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Index / Languages / Turkic /
Iran / Languages /
Turkmen
Other spellings: Torkomani, Turkomans, Turkmenler, Turkmanian, Trukhmen, Trukhmeny, Turkmani



By country
Figures in 1000.
% to inhabitants in country.
Iran
1,800 2.5%
Iraq
230 0.8%
Syria
130 0.6%
TOTAL *)
2,150 0.4%

Total calculated to the MENA, with 490 million inhabitants.

Turkic language spoken by 1.8 million in Iran, in all countries 7 million. Turkmen is the main, and official, language of Turkmenistan (about 4 million), but has also sizeable groups in Afghanistan (600,000) and Iraq (230,000).
Sources disagree upon whether Turkmen is a language of size in Turkey, estimates differ extremely, from 1 thousand to 1 million. In Iran, Turkmen is spoken principally in the Mazadaran province, by the Yomut and Goklan ethnic groups. Turkmen can be undestood by Turkish and Azerbaijani speakers.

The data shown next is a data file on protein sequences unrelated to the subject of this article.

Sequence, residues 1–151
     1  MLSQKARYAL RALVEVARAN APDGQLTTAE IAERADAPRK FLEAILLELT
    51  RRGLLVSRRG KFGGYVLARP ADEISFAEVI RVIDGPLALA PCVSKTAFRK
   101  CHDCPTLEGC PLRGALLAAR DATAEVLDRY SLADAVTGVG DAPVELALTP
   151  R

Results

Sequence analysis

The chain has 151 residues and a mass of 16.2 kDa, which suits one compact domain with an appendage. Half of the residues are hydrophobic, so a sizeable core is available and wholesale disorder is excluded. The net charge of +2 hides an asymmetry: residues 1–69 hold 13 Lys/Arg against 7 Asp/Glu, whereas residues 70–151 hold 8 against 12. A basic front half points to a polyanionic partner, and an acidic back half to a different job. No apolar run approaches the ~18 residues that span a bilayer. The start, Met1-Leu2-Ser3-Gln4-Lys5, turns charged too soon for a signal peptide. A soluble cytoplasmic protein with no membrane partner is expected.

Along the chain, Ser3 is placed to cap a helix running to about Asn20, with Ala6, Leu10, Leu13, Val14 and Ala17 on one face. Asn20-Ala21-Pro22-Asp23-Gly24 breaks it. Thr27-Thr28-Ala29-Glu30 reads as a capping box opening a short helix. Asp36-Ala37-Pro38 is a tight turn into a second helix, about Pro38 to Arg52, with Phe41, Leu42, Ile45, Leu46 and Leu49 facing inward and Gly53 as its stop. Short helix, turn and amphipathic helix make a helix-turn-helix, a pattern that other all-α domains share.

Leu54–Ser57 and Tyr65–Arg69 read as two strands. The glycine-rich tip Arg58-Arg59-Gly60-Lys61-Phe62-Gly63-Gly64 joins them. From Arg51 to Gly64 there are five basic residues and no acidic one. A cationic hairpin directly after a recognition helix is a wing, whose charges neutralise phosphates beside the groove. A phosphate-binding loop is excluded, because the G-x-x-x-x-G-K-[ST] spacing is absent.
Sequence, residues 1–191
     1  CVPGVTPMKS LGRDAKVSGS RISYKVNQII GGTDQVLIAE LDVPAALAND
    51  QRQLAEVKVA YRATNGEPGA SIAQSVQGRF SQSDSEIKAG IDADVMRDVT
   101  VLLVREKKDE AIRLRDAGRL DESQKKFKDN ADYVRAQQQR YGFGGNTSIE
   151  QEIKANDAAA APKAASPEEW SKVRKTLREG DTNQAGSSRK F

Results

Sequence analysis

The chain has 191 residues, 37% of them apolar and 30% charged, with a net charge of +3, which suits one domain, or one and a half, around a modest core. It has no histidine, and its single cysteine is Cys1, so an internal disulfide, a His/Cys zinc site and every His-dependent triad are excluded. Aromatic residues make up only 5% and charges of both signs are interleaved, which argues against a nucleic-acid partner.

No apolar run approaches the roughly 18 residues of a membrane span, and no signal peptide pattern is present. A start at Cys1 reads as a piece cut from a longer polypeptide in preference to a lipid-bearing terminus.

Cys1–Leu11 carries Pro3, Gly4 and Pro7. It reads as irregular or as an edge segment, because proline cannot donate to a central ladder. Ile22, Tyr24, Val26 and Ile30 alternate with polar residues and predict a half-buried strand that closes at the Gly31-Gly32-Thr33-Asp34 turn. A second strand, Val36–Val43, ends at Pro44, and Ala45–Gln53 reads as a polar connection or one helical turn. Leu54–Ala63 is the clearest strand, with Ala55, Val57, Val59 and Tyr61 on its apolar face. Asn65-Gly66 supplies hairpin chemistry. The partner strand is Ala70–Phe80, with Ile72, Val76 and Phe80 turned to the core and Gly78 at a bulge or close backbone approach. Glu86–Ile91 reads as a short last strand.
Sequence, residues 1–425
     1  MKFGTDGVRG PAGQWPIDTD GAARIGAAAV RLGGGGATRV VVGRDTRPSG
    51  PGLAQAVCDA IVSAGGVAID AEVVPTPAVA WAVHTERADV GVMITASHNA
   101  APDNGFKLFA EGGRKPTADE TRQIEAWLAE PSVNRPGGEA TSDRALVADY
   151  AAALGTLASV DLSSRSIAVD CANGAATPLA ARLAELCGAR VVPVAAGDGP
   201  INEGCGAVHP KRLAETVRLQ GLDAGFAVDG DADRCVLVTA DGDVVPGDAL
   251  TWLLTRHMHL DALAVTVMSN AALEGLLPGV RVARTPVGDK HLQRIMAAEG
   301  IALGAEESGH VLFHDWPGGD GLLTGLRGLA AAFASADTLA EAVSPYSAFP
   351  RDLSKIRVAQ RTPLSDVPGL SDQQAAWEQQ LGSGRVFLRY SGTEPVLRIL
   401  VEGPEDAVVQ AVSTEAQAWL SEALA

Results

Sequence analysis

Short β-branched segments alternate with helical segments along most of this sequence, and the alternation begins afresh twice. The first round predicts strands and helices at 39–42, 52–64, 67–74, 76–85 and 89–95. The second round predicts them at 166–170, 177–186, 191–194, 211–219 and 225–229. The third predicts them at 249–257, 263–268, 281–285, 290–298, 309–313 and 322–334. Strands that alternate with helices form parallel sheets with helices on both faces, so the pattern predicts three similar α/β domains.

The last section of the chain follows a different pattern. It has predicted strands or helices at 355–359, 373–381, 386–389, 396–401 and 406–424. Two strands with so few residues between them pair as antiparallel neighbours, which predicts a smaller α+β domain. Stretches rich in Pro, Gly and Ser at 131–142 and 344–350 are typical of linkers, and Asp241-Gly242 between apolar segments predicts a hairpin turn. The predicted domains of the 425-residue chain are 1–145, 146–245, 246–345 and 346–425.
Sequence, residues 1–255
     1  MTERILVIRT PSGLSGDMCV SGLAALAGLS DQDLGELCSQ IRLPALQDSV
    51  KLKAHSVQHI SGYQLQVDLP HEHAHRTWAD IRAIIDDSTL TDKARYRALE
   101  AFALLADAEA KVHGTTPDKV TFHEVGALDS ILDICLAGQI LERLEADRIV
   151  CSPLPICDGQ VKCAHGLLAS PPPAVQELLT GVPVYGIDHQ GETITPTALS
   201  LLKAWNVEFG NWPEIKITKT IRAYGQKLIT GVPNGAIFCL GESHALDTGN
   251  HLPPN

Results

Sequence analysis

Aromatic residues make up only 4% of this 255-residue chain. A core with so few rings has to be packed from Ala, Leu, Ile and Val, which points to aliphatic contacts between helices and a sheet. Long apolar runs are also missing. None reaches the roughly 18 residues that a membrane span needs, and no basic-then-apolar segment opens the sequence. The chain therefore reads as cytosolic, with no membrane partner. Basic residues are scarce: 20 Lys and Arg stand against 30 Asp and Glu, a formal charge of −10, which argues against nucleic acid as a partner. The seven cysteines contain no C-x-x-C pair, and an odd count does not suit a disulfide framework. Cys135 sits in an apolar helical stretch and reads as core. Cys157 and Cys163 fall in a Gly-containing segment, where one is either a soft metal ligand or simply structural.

There are several dialects to Turkmen: Anauli, Khasarli, Nerezim, Nokhurli (Nohur), Chavdur, Esari (Esary), Goklen (Goklan), Salyr, Saryq, Teke (Tekke), Yomud (Yomut), Trukmen.
In Turkmen there is vowel harmony, the language is agglutinative, and with no grammatical gender or irregular verbs. Word order is Subject Object Verb.
In Iran, Turkmen is not a literary language, but in Turkmenistan it g has through the 20th century been written by no less than 3 alphabets. Originally Arabic script was used, shortly Latin, then through the Soviet era, Cyrillic before the reintroduction of Latin in 1991. The present writing system is based on the Turkish, but there are a few differences (below shows Turkmen compared to Turkish).

j instead of c for the phonetic sound [dʒ]
ž instead of j for [ʒ]
instead of y for [j]

Turkmen also introduces two new letters:
for []
ň for [ŋ]

In other countries, other writing system have been used. In present-day Afghanistan, Arabic script is still used for the country's Turkmen speakers.
The most famous literature of Turkmen is the 18th century poetry of Magtymguly Pyragy.

History
1928: Arabic script is replaced by Latin for writin Turkmen.
1940: Cyrillic replaces Latin, in correspondence with the main writing in the Soviet Union.
1991: With the establishment of the new, independent republic of Turkmenistan, Latin writing is reintroduced, corresponding with the writing in Turkey.




By Tore Kjeilen